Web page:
But from the perspective of natural polytheism, this kind of distinction is only part of the truth. It brings up many more fascinating questions that can deepen our understanding of deity far beyond just “Who is it?” and “How do they work?” For instance: What is the relationship between Apollo and Helios? Why is one a personification of a physical celestial body, while the other has associations not just with solar energy and light, but also with music and culture? How has the relationship between Apollo and Helios evolved and changed over time, and what might this tell us about changes in Greek culture (and aspects of our own culture today)? What might it tell us about our attitudes towards the sun as a physical object as well as a culture symbol? What does it tell us about our personal relationship with the sun, and with gods of the sun? And what are those relationships for?
From the natural polytheistic perspective, the question of whether or not Apollo is a “god of the sun” is not nearly as interesting as the question of how he is connected to the sun. After all, there is no plant, animal or ecosystem on earth that does not have some relationship with the sun as the planet’s primary source of energy — the real investigation begins when we start to wonder how an entity’s relationship with the sun expresses itself in ways that are unique to the local landscape, and how this relationship affects the ways that everything else in that landscape lives and works together as a whole. Accepting that beings in an ecosystem, and the ecosystem itself, have a relationship with the sun, or with global patterns of ocean currents or air circulation, does not make them any less unique or complex — quite the opposite! The same is true for natural polytheism.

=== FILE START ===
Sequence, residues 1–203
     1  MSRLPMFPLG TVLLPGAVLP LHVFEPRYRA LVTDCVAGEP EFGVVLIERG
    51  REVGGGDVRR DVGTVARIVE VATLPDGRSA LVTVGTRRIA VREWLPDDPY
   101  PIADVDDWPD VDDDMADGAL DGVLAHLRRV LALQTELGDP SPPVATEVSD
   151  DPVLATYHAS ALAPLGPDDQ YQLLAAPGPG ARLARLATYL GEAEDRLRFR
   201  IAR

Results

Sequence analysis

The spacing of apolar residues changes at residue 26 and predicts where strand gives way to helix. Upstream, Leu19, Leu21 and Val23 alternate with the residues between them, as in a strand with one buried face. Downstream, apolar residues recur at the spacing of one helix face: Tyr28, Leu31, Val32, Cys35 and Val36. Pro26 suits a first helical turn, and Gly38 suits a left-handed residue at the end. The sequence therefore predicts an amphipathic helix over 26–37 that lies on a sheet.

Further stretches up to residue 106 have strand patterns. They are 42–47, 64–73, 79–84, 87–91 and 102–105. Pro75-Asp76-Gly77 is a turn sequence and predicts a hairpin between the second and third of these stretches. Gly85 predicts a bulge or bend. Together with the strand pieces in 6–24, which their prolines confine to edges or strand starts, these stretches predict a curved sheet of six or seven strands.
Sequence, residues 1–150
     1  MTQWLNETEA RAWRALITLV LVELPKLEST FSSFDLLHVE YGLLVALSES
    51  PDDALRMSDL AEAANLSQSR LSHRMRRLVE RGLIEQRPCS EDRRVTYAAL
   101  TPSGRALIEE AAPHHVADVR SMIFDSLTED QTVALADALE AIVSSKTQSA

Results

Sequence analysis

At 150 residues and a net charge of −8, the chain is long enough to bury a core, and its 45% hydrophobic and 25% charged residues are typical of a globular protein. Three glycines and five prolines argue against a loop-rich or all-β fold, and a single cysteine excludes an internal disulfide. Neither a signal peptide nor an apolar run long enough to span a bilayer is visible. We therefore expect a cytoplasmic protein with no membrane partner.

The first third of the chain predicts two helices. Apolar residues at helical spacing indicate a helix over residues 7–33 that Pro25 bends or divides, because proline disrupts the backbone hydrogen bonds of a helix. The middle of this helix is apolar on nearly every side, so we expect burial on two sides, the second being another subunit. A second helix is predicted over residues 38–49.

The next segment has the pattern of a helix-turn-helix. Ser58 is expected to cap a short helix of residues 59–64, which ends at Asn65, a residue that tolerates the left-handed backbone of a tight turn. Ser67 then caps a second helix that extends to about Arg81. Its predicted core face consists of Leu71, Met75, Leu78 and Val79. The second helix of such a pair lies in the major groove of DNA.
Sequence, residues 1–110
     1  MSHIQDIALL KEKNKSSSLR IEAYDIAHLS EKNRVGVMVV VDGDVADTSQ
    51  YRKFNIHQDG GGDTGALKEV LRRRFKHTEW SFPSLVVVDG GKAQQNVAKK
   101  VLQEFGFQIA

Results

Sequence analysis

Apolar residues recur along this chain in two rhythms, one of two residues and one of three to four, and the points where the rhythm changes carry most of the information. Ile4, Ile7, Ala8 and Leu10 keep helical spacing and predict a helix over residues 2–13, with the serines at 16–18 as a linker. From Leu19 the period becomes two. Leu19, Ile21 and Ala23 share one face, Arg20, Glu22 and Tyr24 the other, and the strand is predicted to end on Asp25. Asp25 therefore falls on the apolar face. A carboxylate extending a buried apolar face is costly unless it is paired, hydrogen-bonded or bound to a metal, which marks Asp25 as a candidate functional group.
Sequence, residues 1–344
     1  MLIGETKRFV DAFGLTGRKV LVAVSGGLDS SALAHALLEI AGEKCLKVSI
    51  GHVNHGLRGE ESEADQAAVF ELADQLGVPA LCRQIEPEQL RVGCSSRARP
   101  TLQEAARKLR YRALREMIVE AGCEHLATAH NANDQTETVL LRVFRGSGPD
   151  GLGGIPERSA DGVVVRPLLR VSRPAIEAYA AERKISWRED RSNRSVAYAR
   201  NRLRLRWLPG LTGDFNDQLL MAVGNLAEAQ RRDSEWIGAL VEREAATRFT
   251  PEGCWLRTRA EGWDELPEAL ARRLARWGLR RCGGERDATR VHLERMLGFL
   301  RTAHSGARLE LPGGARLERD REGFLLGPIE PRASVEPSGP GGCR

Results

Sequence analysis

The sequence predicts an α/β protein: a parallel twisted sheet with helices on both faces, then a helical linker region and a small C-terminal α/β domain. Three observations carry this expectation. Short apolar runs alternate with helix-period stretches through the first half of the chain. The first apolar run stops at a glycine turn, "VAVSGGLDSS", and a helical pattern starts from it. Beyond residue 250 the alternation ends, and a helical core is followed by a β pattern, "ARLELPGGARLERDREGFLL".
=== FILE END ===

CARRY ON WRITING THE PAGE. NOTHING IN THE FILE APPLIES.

Natural polytheism is polytheism beyond the pale: polytheism beyond the restrictions staked out by our grasp of human history alone, embracing instead the whole of natural history and the modern sciences that give us insights into our world in new and startling ways. Hard polytheism demarcates boundaries that separate the gods from each other and from the natural forces and patterns (human and more-than-human) that enrich our world. Natural polytheism does not reject or ignore these boundaries. Instead, it places polytheistic theology in a new, more challenging context and provokes our curiosity to discover more powerful ways of living out our relationships with the sacred. It forces us to ask not just “Who is this god that I have experienced in ritual?” and “How do I worship him?” but also: “Why did I experience this god in this way?” and “How does my practice itself shape my beliefs and my experiences of the gods?”
Natural polytheism embraces the science of ecology as a basic metaphor for theological inquiry. In other words, natural polytheism seeks to understand our relationship with the gods as an aspect of interrelated systems of being, consciousness and meaning. Its focus is, first and foremost, on the wildernesses that defy our carefully mapped boundary lines, that penetrate even the most civilized cultural centers and underlie our most cherished notions of what it means to be human.